P.M. Tony Blair -
"We Will DNA Test Every
Criminal In Britain"
By Paul Waugh and Ian Burrell
A DNA fingerprint of every active criminal in Britain will be taken as part of government plans for a wide-ranging overhaul of the criminal justice system, the Prime Minister announced yesterday. In his first public announcement since returning from holiday, Tony Blair promised to deliver a courts system fit for the 21st century. Addressing police officers in Kent, he accused the courts of being run for their own convenience and pledged to ensure that victims, witnesses and police giving evidence would receive more respect.
Mr Blair declared the justice system archaic, saying it hampered police efforts to keep up with organised crime, and announced a £107m package to expand the DNA database. By 2004, the database should hold more than three million samples equivalent to "almost the whole criminal class of the UK", Downing Street claimed.
Mr Blair's DNA plans and his strongly worded attack on the state of the courts, police and probation services met opposition from the legal profession and other groups. The Bar Council warned the Prime Minister not to apply "the flame-thrower of permanent revolution" to the courts, while the National Association of Probation Officers warned that a lack of staff could scupper the DNA plans.
In his speech at Kent police headquarters in Maidstone, Mr Blair said he wanted the Government's review of the criminal justice system to be "a harbinger of really radical reform". Signalling what is likely to be a central project of his second term in office, he said the crime overhaul would have the ambition and scope of the NHS national plan and changes to education.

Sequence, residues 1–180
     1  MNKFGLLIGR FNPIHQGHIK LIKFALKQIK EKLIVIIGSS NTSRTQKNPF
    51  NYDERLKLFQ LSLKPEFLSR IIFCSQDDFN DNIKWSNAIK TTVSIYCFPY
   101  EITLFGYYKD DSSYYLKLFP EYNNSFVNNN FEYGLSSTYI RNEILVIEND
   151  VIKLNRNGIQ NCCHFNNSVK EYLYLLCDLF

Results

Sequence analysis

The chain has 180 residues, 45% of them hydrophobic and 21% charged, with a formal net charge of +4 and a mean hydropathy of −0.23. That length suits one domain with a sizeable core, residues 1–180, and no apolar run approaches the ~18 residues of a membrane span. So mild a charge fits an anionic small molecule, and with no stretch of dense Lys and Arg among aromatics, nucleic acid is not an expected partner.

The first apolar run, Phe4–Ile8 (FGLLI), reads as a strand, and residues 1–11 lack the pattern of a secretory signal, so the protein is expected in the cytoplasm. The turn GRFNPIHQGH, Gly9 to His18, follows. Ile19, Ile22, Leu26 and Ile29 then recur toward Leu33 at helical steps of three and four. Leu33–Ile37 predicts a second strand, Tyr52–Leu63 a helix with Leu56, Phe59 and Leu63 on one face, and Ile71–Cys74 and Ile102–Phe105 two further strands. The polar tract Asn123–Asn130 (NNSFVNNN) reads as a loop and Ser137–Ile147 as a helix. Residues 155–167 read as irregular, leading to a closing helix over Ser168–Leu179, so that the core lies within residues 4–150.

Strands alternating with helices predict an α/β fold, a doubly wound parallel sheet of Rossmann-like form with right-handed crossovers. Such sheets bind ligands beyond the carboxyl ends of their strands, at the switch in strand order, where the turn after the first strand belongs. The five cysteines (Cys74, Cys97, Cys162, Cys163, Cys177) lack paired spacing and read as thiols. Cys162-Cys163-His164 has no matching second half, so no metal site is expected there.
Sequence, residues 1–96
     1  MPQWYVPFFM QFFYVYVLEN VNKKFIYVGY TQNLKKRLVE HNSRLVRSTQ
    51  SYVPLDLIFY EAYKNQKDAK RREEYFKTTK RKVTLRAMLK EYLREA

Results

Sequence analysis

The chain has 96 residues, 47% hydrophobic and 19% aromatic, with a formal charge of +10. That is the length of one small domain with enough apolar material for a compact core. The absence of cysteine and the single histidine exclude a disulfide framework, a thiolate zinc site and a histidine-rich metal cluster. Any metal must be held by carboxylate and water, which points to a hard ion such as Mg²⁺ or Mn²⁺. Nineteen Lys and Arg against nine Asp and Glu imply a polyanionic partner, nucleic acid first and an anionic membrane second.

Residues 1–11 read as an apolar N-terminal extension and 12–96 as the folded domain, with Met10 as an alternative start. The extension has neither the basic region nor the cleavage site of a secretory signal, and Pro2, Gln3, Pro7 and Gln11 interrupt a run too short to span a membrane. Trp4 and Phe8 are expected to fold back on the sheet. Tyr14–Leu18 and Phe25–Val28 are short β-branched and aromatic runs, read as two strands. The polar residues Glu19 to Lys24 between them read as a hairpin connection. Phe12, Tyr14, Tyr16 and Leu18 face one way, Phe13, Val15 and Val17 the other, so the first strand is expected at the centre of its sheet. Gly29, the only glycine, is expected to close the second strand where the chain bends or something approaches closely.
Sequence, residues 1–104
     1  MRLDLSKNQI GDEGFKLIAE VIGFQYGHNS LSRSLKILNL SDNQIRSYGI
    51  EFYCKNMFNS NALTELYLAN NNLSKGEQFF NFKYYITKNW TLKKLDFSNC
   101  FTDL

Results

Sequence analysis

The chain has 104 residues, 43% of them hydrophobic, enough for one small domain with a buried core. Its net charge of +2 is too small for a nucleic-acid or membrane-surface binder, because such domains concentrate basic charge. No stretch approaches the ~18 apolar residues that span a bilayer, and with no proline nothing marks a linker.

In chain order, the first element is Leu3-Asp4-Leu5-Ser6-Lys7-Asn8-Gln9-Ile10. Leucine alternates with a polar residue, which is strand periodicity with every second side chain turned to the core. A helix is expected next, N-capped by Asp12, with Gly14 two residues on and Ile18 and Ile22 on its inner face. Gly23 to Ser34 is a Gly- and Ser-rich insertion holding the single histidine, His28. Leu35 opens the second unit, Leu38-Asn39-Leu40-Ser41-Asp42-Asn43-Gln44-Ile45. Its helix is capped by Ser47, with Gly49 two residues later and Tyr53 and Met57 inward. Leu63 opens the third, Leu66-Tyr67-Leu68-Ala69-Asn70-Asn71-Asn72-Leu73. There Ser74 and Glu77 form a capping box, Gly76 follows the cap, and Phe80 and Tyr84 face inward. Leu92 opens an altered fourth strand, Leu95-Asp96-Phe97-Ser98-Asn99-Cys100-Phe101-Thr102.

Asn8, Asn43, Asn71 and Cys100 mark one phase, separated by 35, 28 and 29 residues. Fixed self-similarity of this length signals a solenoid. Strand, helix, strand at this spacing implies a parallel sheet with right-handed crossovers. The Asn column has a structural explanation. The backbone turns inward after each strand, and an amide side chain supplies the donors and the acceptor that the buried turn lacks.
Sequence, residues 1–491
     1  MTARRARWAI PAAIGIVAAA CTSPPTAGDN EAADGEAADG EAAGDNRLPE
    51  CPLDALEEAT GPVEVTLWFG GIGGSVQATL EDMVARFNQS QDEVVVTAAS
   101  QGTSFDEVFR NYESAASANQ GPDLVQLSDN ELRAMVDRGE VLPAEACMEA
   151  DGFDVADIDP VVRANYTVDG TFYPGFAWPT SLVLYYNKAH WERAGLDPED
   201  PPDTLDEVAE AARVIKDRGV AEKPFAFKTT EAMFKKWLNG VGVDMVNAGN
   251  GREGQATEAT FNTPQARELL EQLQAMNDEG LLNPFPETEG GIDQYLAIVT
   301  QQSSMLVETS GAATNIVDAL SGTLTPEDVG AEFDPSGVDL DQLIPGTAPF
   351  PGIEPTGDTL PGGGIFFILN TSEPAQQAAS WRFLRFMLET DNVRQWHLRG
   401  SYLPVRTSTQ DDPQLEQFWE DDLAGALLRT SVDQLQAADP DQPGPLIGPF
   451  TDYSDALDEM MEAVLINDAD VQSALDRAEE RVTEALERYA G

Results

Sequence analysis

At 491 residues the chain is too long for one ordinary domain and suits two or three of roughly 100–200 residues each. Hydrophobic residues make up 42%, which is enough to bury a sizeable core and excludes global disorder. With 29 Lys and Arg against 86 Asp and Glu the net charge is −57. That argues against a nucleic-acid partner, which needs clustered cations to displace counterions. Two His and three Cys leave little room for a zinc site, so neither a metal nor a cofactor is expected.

"I think we have effectively got a 19th-century justice system in a 21st-century world," the Prime Minister said.
"We have totally failed to keep up to date with the fact that we have got major organised crime operating a completely different way to 50 or 60 years ago," he said.
In a clear attempt to outflank the Tories on crime, Mr Blair also stressed that he was in favour of so-called zero tolerance and wanted a society based on respect for others.
"We expect law-abiding conduct, decent civil behaviour towards each other. This goes right from the serious crime at the top down to the graffiti on the street wall," he said. "I believe if you tolerate the vandal, you end up more quickly with the drug dealer. Too many elderly people are afraid in their own homes, too many criminals unafraid in their crime."
In an echo of his war on the "forces of conservatism", Mr Blair warned that resistance from certain sections of the criminal justice system would not be allowed to prevent modernisation. "One thing I've learnt in this job is every time we do make changes there is someone who is adversely affected by it and leaps out and says this is monstrous," he said.
Automatic three-year sentences for burglars, life for repeat rapists, registration of sex offenders and a commitment to restricting the right to trial by jury were all a "coherent attack on crime", as was the idea of expanding the DNA database.
Modernisation of the entire criminal justice system was needed, he said, and the Government was examining how to improve protection of witnesses and accelerate the court process, freeing more officers to fight crime.
The plans were criticised by the Bar Council, which warned that continual modernisation did not help a system "meant to deliver a stable judicial environment". Michael Napier, president of the Law Society, added: "Modernisation must not be a byword for penny-pinching economies that erode people's rights.

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